Skip to content

Gassa Camp Cameroon Fishing Report – Week 6 2022

Sweltering and dry, Northern Cameroon is trying to bake us alive, temperatures reaching well over 40°c daily, escaping it is impossible out here in the bush. The only reprieve is early mornings and in the evening after the sun has dipped below the horizon. Its during these cooler hours, while one does not feel as if they are a sausage on a grill, these are the hours we can be active, these are the hours we fish. 

Malte (Germany) and Mikael (Sweden) arrived in Gassa camp after 2 weeks in the Gabonese rainforest chasing tarpon, jacks etc with great stories of chimpanzees and gorilla encounters. Keen for adventure and high in energy they were keen to hit the water and duel with some large freshwater fish. No strangers to large fish, casting 12wts and adventure, it was gearing up to be a week of unrivalled fishing, one of the best of the season, both in numbers as well as fish sizes. The perch were prowling, ambushing. Hunting. With all the heat and lack of rainfall the Faro river was low and warm, making it easily crossable in certain areas and almost impossible to cool off with a quick swim. These low and warm conditions made the tigerfish stressed and this was obvious with slow follows and chases, noncommittal attacks and soft hits. Very few tigers wanted to play along and frustrated guide and angler, especially seeing bow waves chasing flies but never committing. 

The few deeper, rockier, pools held some large schools of niger barbs. Some large specimens holding deeper and the smaller fish sitting higher in the water column. With the low, warm and clear water the fish were concentrated near the safety of deep water and could disappear with ease as their olive green backs blend in with the deep green waters. These yellowfish have got to be some of the toughest and trickiest fish to target (more difficult than a tailing permit) and doing so requires great resolve, skill, perseverance and a double-shot of luck.  An accurate, delicate presentation with a long 5x leader and the correct flies attached, from a stealthy position, trying to intercept ADHD fish that can’t sit still, constantly changing direction and depth. The fact that these fish reach over 20lb and have excellent eyesight and you use 5x means a lot of luck needed (I’ll have another double-shot of luck please). This is the ultimate test of skill and will humble every angler. 

The day fishing was a challenge the entire week, not much action but there was opportunity. This was very different in comparison to the night fishing for perch. Malte seemed to be unstoppable, landing 4 of our 5 largest fish the entire season. On the first evening at “Mare de Croco” Malte after wrestling a few smaller perch (70-90cm) hooked into an absolute tank. The fish started off upstream, slowly, almost as if being unaware that it was hooked, another hookset made this fish take-off downstream. With a fully locked drag and nearly pulling Malte into the murky abyss, stopping this fish was a real challenge, it wanted to get downstream, around a huge rock point that was inaccessible and would spell disaster and lost fish.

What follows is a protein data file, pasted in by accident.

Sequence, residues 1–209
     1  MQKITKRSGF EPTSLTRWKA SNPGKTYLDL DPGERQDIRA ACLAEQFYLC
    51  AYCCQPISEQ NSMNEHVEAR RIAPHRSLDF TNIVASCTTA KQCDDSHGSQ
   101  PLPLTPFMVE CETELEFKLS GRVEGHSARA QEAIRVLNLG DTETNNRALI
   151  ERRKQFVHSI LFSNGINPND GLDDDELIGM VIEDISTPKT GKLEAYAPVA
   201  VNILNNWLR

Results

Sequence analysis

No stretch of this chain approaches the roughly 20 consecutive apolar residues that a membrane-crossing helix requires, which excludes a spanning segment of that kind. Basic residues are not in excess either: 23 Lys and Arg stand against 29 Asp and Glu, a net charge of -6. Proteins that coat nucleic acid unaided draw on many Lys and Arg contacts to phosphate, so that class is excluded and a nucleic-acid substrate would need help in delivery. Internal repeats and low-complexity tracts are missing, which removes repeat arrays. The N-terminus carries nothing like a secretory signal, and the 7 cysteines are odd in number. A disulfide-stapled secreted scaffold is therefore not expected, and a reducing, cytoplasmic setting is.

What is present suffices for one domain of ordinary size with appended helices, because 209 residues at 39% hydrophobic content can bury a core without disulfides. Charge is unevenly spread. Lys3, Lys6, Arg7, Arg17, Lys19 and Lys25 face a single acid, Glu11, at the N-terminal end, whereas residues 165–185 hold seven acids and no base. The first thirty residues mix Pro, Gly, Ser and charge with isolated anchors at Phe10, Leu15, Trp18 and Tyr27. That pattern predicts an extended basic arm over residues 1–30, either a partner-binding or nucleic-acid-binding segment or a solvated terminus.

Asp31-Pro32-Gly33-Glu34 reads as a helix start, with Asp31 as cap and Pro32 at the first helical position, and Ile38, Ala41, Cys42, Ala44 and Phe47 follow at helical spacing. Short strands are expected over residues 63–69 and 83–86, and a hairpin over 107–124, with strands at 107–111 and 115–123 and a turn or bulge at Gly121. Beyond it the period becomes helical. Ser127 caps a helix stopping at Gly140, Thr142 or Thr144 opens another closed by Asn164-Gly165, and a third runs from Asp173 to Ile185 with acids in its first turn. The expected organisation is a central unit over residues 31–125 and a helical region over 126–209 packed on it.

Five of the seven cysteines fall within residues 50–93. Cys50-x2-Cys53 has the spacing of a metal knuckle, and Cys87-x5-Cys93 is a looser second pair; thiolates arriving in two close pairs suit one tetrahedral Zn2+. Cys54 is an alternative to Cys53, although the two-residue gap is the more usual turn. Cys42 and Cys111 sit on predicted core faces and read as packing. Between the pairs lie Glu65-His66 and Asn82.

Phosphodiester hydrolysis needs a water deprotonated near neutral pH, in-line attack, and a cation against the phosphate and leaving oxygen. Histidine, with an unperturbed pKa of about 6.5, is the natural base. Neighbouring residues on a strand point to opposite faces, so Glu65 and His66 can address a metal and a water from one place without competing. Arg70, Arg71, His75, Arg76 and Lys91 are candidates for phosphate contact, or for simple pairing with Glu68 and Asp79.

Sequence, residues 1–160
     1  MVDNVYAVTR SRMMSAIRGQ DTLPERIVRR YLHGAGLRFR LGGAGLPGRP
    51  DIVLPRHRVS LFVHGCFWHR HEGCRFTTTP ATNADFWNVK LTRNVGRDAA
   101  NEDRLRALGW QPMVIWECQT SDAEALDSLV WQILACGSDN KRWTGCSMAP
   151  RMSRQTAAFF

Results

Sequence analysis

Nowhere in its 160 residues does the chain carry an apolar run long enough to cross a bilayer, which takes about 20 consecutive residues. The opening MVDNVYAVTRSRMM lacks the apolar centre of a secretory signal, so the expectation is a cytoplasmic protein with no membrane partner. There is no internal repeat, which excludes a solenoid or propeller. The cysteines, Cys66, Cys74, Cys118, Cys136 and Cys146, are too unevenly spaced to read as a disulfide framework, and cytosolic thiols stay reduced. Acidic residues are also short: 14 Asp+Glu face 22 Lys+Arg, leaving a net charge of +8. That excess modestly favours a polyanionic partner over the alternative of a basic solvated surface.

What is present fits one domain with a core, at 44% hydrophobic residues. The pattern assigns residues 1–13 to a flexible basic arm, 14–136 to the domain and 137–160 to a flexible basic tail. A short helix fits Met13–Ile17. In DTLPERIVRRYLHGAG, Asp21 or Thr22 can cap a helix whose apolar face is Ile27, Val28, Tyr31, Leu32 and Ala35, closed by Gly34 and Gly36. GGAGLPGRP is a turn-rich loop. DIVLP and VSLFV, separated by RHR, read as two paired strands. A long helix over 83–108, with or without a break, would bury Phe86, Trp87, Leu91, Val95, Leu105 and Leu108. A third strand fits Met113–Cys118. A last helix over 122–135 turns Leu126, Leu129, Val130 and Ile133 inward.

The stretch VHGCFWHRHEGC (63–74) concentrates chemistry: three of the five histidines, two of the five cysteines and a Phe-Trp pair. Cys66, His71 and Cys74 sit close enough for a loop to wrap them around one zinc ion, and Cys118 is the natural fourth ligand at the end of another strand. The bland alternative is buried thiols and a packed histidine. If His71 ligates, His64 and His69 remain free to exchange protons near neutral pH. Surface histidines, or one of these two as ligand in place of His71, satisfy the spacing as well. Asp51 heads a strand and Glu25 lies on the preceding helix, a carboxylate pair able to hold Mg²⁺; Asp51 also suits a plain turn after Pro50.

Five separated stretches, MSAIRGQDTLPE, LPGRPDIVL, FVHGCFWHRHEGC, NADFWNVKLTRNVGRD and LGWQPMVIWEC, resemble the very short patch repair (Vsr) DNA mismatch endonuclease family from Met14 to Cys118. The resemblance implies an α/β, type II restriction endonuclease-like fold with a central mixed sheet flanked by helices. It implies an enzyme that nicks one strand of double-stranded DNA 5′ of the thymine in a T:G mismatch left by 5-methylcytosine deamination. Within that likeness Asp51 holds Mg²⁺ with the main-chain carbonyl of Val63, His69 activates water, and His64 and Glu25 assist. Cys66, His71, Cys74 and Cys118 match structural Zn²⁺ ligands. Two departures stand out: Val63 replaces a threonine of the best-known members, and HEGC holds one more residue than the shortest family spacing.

Huge pressure on both angler as well as fish, fully locked Shilton SL7, 66lb fluro, 8/0 saltwater hooks, quality flyline and and a strong flyrod (luckily Malte had his serving of luck). He managed to turn the fish before the obstacle and battled this leviathan to the small beach in the rocky gorge. As the fish was landed the hooked dropped out easily and we noticed it had straighted but still managed to hold enough pressure to bring the Perch to hand. Very lucky. A 131cm beauty, a fish of a lifetime, just shy of the 100lb mark. 

This was not the largest fish of the season or even this week of fishing but is for me one of the most outstanding fishing experiences of my life, personally, you could feel the pressure, you knew how much luck and skill was needed to land such a fish. Guides were running keeping fish and line clear of obstacles, oysters, caves, feet. Pure chaos, luck and skill. 

What an amazing wilderness and river system we get to fish. It is the end of our 2022 season and now we wait till January 2023 for our return to the bush, the heat, the dust and the humbling fish. We are so proud to be involved in this area and cant wait to get back, to make a difference in the local environment and people. 

Until next year



If you fancy doing battle with the hard fighting Nile Perch of Cameroon then the Gassa Camp is a destination for you. If you’d also like any further information, you can contact our fly fishing specialist Peter Collingsworth on 01603 407 596 or email at

Contact Us